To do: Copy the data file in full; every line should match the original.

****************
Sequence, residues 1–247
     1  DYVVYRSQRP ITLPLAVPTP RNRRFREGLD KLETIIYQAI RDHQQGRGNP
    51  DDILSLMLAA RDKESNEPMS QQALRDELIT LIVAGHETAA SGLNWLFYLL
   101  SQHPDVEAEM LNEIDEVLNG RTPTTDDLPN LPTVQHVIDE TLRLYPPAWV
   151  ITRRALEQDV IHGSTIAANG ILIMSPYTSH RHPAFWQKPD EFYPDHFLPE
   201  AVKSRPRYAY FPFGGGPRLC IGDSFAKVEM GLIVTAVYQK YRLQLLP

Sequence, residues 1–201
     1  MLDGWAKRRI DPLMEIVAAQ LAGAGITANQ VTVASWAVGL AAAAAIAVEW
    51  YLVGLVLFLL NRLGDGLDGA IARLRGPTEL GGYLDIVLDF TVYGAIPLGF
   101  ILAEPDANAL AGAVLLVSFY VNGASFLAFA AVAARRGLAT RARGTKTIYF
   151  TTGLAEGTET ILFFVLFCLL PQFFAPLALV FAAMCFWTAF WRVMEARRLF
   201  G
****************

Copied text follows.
Sequence, residues 1–247
     1  DYVVYRSQRP ITLPLAVPTP RNRRFREGLD KLETIIYQAI RDHQQGRGNP
    51  DDILSLMLAA RDKESNEPMS QQALRDELIT LIVAGHETAA SGLNWLFYLL
   101  SQHPDVEAEM LNEIDEVLNG RTPTTDDLPN LPTVQHVIDE TLRLYPPAWV
   151  ITRRALEQDV IHGSTIAANG ILIMSPYTSH RHPAFWQKPD EFYPDHFLPE
   201  AVKSRPRYAY FPFGGGPRLC IGDSFAKVEM GLIVTAVYQK YRLQLLP

Sequence, residues 1–201
     1  MLDGWAKRRI DPLMEIVAAQ LAGAGITANQ VTVASWAVGL AAAAAIAVEW
    51  YLVGLVLFLL NRLGDGLDGA IARLRGPTEL GGYLDIVLDF TVYGAIPLGF
   101  ILAEPDANAL AGAVLLVSFY VNGASFLAFA AVAARRGLAT RARGTKTIYF
   151  TTGLAEGTET ILFFVLFCLL PQFFAPLALV FAAMCFWTAF WRVMEARRLF
   201  G